Monthly Archives: March 2016

Guest Post: Raspberry Swirl Does it Again

by Patrick Braley, Raspberry Swirl co-host and Alliance Member

Raspberry Swirl is an annual charity event run by the Gender and Sexuality Alliance (the LGBTQIA+ focused group here at SSU that promotes acceptance and understanding of all identities). Raspberry Swirl has been a long-time tradition here at Salem State University. With 2016 marking its 15th year, it is always something to hotly anticipate for both SSU students and those in the broader community alike. With each passing year, attendance seems to be increasing, with this year marking the first year with over 100 show goers. The trend in recent years for Swirl has been bringing in a famous drag queen from the hit show, RuPaul’s Drag Race to headline the show. The person booked to headline the show will typically perform about 3 to 4 song/dance routines and may even host a mini-game which requires and encourages audience participation. This year, the Alliance was very fortunate to have Pearl (real name Matthew James Lent), breakout star of season 7 of Drag Race, as the headline act.

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Pearl, the headliner and a host for the Alliance’s “Raspberry Swirl”. 2016. Courtesy photo.

Pearl was a graceful presence both on stage and off. She was dressed in some fierce outfits ranging from a futuristic-looking multicolored jumpsuit to an all black evening gown (which went perfectly with the spooky vibes of Salem). She sang and moved with expert precision and her passion for performing really showed through. In addition, Pearl also helped to host a mini-game titled “Fiercest Walk” in which members from the audience were chosen to strut their stuff down the length of the center isle. The winner won the right to brag to all their friends that they had the fiercest walk in the whole place.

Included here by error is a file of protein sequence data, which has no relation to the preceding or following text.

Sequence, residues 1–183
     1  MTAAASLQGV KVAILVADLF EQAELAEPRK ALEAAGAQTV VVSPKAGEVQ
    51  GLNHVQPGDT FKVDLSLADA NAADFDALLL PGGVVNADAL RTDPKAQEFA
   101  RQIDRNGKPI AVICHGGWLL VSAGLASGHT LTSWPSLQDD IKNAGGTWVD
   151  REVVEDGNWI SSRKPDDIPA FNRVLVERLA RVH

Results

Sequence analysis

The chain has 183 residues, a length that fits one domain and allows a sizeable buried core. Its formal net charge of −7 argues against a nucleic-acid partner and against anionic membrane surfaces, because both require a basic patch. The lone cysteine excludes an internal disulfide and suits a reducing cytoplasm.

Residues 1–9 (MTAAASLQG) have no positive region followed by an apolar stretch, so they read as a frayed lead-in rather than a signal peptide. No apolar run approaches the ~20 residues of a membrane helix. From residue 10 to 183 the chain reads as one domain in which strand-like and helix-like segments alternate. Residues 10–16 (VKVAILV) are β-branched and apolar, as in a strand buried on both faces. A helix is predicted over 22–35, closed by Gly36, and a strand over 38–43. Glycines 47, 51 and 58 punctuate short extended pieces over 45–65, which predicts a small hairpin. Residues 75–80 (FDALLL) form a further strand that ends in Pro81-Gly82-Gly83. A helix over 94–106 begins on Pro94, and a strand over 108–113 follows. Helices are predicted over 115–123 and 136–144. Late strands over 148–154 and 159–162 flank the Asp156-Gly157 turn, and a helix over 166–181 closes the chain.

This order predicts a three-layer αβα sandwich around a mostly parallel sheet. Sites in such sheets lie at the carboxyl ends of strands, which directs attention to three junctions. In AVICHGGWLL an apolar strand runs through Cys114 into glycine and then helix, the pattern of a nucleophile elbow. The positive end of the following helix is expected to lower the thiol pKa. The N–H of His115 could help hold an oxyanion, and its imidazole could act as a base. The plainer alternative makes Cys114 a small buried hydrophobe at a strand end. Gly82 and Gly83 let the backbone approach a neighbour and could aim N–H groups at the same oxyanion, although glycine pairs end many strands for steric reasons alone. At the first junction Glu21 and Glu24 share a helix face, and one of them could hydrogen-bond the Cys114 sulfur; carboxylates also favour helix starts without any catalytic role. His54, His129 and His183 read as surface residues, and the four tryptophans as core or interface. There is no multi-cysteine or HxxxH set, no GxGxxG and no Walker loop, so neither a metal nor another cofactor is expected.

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Performer at Friday’s Raspberry Swirl. 2016. Courtesy photo.

There were also two other mini-games during Raspberry Swirl that were hosted by the event’s two hosts Patrick Braley and Eric Donnovan (better known by their drag names Ophelia Oats and Chamele, respectively). One of the most memorable mini-games was titled “Lip Sync For Your Life.” This game was inspired by the iconic last chance challenge at the end of every Drag Race episode in which the two lowest ranked queens are pitted against each other in a lip sync battle to determine who is able to stay on the show. During Raspberry Swirl, four audience members (two vs. two) went head-to-head to claim the title of lip sync champion. The first round had two audience members belting out Adele’s “Hello.” Although everybody sang their hearts out, there was only one winner in the end.

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Local drag queens at Raspberry Swirl. 2016. Courtesy photo.